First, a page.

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Interest Rate Cut In Place, Says Central Bank

The Central Bank (Da Afghanistan Bank) said this week that the average interest rate cut phased in at the start of this solar year has finally been rolled out throughout the country. 

Central Bank officials said the interest rate cut, which was launched at the end of March last year, should now be adhered to by all banks across Afghanistan.

They said this move to cut the average interest rate had been made in order to help boost investment and improve economic growth.

Khalil Sediqi the Central Bank chairman said interest on loans dropped from 13 percent to 12.2 percent this solar year.

He said, in addition to reducing the average interest rate, loan guarantees have been simplified, and loan repayment periods have been adjusted from three years to either five or seven years.

“The average rate charged by the banks is 11.02 percent. This average was 13.17 percent in fiscal year 2016,” said Sediqi.

The Association of Industrialists meanwhile welcomed the lower interest rate and said it will boost investment in the country.

“If we provide more opportunities to the private sector and investors, we will surely see significant changes in the Afghan economy in the coming years,” said Sakhi Ahmad Paiman, head of the association.

This interest rate cut has been one of a number of efforts by Afghanistan to boost both the banking sector and the economy and to improve access to finance.

In another key move, the Central Bank last year granted its first Islamic banking license – to the Islamic Bank of Afghanistan (IBA), previously known as Bakhtar Bank.

As Reuters reported at the time, financial inclusion is a challenge in developing economies and can be due to many factors, such as religion in Afghanistan.

World Bank data showed that only 15 percent of adults in Afghanistan have a bank account, while 16 percent cited religious reasons for not having one.

“We expect that introducing Islamic banking can help address this issue,” said Abdullah Ludeen, a central bank official at the time, adding that such exclusion was tied to other factors such as financial literacy.

“There are good opportunities for Islamic banking in the country, it’s an untapped market,” he told Reuters.

Interest Rate Cut In Place, Says Central Bank

The Central Bank reduced the average interest rate for this solar year in order to help boost the economy. 

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The Central Bank (Da Afghanistan Bank) said this week that the average interest rate cut phased in at the start of this solar year has finally been rolled out throughout the country. 

Central Bank officials said the interest rate cut, which was launched at the end of March last year, should now be adhered to by all banks across Afghanistan.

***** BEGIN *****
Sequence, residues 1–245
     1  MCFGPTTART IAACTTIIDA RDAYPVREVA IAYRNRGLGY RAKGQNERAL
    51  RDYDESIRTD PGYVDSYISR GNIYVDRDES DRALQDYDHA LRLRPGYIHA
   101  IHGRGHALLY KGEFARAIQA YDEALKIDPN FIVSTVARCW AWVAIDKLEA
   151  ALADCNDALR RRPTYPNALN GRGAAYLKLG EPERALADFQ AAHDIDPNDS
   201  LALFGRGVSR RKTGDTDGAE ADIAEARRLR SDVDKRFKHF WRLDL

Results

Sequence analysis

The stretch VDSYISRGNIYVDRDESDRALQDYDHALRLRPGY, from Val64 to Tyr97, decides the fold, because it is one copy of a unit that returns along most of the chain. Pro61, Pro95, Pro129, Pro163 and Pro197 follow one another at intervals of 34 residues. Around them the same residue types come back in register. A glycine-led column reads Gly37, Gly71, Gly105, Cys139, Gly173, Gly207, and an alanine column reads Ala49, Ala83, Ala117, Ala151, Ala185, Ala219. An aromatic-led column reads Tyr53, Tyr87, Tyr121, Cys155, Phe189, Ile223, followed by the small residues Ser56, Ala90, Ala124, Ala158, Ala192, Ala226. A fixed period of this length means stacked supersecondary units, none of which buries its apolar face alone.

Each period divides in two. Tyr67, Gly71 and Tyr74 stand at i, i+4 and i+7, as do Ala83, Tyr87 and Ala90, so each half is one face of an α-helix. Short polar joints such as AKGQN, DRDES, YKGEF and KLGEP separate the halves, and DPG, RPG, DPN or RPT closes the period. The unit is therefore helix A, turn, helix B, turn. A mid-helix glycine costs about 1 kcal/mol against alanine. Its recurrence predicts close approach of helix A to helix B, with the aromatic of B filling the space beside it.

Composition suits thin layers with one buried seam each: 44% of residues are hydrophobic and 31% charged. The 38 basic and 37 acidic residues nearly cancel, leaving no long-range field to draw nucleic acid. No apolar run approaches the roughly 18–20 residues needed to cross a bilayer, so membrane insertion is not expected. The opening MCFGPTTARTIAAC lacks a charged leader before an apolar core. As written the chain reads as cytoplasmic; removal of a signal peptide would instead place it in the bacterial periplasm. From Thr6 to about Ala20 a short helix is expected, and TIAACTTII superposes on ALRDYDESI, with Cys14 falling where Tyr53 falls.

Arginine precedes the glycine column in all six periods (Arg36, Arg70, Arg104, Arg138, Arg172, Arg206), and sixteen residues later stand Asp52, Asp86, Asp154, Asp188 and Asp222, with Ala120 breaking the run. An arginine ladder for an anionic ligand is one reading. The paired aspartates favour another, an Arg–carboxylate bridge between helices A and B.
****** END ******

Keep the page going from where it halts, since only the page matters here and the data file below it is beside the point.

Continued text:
They said this move to cut the average interest rate had been made in order to help boost investment and improve economic growth.

Khalil Sediqi the Central Bank chairman said interest on loans dropped from 13 percent to 12.2 percent this solar year.

He said, in addition to reducing the average interest rate, loan guarantees have been simplified, and loan repayment periods have been adjusted from three years to either five or seven years.

“The average rate charged by the banks is 11.02 percent. This average was 13.17 percent in fiscal year 2016,” said Sediqi.

The Association of Industrialists meanwhile welcomed the lower interest rate and said it will boost investment in the country.

“If we provide more opportunities to the private sector and investors, we will surely see significant changes in the Afghan economy in the coming years,” said Sakhi Ahmad Paiman, head of the association.

This interest rate cut has been one of a number of efforts by Afghanistan to boost both the banking sector and the economy and to improve access to finance.

In another key move, the Central Bank last year granted its first Islamic banking license – to the Islamic Bank of Afghanistan (IBA), previously known as Bakhtar Bank.

As Reuters reported at the time, financial inclusion is a challenge in developing economies and can be due to many factors, such as religion in Afghanistan.

World Bank data showed that only 15 percent of adults in Afghanistan have a bank account, while 16 percent cited religious reasons for not having one.

“We expect that introducing Islamic banking can help address this issue,” said Abdullah Ludeen, a central bank official at the time, adding that such exclusion was tied to other factors such as financial literacy.

“There are good opportunities for Islamic banking in the country, it’s an untapped market,” he told Reuters.

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